Stumping for our Gateway Cities

Issue February 2012 By Robert L. Holloway Jr.


MBA President Dick Campbell has asked me to write from time to time on MBA initiatives. As Dick told those assembled at a recent House of Delegates meeting at UMass-Amherst, when I was an undergraduate at Amherst College, I was a reporter for the college newspaper, covering sports and other events. When I was a junior, the editor asked me to write a weekly column. He told me I had free rein to write on any topic, with one caveat: he would name the column. When I had my cup of coffee with Amherst College football, one of my teammates dubbed me "Stump." That handle stuck.

To this day, many, including nieces and nephews, call me that. So, the editor of the Amherst College newspaper named the column, "On the Stump." For those of you bent on verification, you can check the archives of the Amherst College "Student."

President Campbell, wiser than my college editor, has given me some specific direction regarding column topics. One of the major MBA initiatives, which will be ongoing, we hope, is to find ways to utilize the skills and talents of the legal profession, working with others, to help to revitalize our so-called "Gateway Cities."

When people talk, somewhat casually, I believe, about our unemployment rate in Massachusetts - currently in the 7 percent range, a bit better than the national rate - such talk overlooks the fact that our Gateway Cities have unemployment rates considerably higher. Those unemployment rates have been higher, persistently so, for many years.

Our Gateway Cities, the places where earlier immigrants settled to live and work, are now the places where many of our current immigrants have settled. Many blather about an "immigration problem." What, in any meaningful way, is being done? This is where, I submit, lawyers can and should come in.


Our profession has a proud tradition of volunteerism. Pick any one of our 351 cities and towns in this commonwealth. Examine the makeup of the leadership and active participants in a wide variety of organizations. You quickly will conclude that lawyers are prime movers as volunteers. How can we harness our tradition of volunteer service to tackle the problems of our Gateway Cities?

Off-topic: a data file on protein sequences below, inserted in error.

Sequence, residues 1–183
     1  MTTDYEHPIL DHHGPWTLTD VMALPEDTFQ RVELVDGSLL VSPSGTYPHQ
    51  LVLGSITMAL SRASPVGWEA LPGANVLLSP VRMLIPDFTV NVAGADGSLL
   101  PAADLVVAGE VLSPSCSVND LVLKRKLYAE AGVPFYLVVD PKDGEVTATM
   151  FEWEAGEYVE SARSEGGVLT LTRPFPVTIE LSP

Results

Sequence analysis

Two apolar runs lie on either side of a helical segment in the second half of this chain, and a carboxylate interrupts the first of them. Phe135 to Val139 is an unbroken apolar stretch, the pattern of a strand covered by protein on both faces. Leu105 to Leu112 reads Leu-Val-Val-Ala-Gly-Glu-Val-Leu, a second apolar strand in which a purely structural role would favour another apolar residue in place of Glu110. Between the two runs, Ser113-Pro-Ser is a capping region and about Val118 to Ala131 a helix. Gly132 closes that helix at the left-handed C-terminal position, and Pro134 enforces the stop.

I presume no wisdom regarding the ultimate answer to that question, but suggest that the skills we lawyers use each and every day in representing our clients are skills that can assist in tackling and solving problems in our Gateway Cities.


While there are some existing initiatives, notably those of MassINC, regarding the challenges in our Gateway Cities, there is an untapped talent pool within our legal profession that could be directed toward facing those challenges.

Start with our historic commitment as a profession to volunteerism and service to our communities. Add to that commitment the large number of unemployed or underemployed lawyers in Massachusetts. How can we put them to work, addressing the challenges of chronic unemployment in our Gateway Cities? The irony in this opportunity is exhilarating.

We have bright, energetic new admittees to our profession, looking to utilize the legal education they have worked very hard and spent considerable monies to obtain. Why not harness that resource as a kind of legal, urban Peace Corps, to attack the problems of the Gateway Cities? We even might consider public funding for this urban Peace Corps, for positions designed to deal with, for example, the multitudinous problems faced by our immigrant population.

We have seen in recent years many instances of exploitation of our immigrant population (the "notario" unauthorized practice of law problem is an example). Despite these difficult economic times, we should not be afraid to consider public funding for appropriate and productive new initiatives.

Our country's history of dealing with many waves of immigration has not always been laudable. Nevertheless, we have been a welcoming nation, a place where people have come to make better lives for themselves and their families.

From a personal perspective, it is not lost on me that my mother (now 92) was a first-generation American-Romanian, her parents having come to this country at a very young age from very small villages in Romania (which, also not lost on me, are little changed from what they were when my grandparents left those villages in the early 1900s). My father's family also were immigrants, having come over on the Mayflower, nearly 300 years earlier.

There was little substantive difference in the motivations of the two sides of my family in coming to this country. Both sides wanted a better life, and this place offered that opportunity. That is still the case, I believe, and, more important, ought to be the case.


Our Gateway Cities present large challenges. MBA President Campbell wisely has counseled that we should not shrink from difficult problems. Indeed, history teaches that our profession has shown repeatedly the ability to solve such problems.

I urge each and every one of you to think about these problems and potential ways of addressing them. The current political, economic and media landscape has made it all too easy for too many to lapse into combinations and permutations of sloganeering, jingoism and separatism. It is long overdue for us to start developing concrete, positive solutions.

This is a challenge for all of us as lawyers. The MBA's preliminary task force on our Gateway Cities is working on a call for action. When the call comes, I hope you will answer it.

Robert L. Holloway Jr. is president-elect of the Massachusetts Bar Association.